By Steven Mauss
As I have the opportunity to visit many companies and government agencies, I’m struck by how much pride we all take in the unique ways we attempt to solve problems. Particularly, in the U.S., our focus has traditionally been on individual rights, efforts, and success. Sometimes, we focus less on collaboration and organizational effectiveness. But I believe this works to everyone’s detriment – even for the individual.
As a teenager, I remember trying to dress in wild and crazy clothes – bell-bottomed pants, psychedelic shirts, platform shoes – I was a true product of the ‘70’s. I wanted to be “cool,” of course, and I wanted to fit in. But I also wanted to show my independence – my uniqueness – just like all of my peers did. In doing so, I remember that feeling of “freedom” that came from my long hair blowing in the wind. No one could tell ME what to do; I was my own man. I accepted input from no one. I did not collaborate well with anyone. As a result, I did not achieve very much as a teen.
As I grew older and experienced some life-changing moments as a young adult, it occurred to me that the most important things in life are best accomplished through collaboration. An individual may have an initial idea but the constant refinement that comes from the input of others yields breakthroughs that, in fact, are truly unique. Working together toward a common goal breeds camaraderie and trust, sometimes creating lasting relationships in the process. And the end product is superior.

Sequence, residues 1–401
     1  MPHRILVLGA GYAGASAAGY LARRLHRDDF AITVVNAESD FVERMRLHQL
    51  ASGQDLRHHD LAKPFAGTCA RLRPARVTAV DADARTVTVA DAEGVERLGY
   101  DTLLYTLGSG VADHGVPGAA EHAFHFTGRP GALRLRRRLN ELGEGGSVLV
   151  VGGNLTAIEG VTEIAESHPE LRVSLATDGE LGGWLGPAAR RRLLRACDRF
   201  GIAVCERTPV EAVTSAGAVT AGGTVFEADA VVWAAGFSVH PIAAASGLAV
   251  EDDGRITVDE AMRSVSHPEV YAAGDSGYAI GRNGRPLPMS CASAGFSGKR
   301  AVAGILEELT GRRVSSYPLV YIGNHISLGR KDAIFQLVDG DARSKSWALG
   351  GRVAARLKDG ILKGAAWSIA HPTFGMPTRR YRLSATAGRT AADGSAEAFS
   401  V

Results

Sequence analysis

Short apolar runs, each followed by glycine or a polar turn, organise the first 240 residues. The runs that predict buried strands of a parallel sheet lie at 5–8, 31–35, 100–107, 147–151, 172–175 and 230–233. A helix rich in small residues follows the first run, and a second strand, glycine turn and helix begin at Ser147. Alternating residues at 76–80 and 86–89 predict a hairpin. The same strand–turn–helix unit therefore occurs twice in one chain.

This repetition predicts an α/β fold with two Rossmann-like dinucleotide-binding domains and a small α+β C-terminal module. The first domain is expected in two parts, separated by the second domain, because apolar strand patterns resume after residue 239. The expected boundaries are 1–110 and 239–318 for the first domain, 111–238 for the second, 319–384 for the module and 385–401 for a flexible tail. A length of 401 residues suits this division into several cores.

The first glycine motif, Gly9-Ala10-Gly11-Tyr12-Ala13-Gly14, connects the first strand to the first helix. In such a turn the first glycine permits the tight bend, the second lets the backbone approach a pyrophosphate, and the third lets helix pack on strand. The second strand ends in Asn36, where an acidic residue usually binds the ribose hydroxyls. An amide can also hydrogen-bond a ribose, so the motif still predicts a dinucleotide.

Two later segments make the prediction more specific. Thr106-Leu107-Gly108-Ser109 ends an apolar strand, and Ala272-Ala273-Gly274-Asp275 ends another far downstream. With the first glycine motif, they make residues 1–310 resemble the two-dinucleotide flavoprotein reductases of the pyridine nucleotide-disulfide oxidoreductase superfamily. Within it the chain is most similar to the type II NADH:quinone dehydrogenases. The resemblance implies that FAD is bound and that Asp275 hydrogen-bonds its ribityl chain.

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Virtually every valuable project within a workplace requires the input of many to become truly successful. When a single individual is allowed the power to dictate the course of a project, the results are not only less than stellar, a single point of failure has been introduced. Processes become “unique” and less efficient, too. And while it may be a point of pride for an individual to point to success on a short-term basis, it often creates unrepeatable results. No one wants that.
I like to laugh at pictures of myself from the ‘70’s now. I remember how hard we all worked to be and look unique. The irony, of course, is that if everyone is unique, then no one is unique. But when we are united and committed to a common goal or purpose, the results are often truly unique.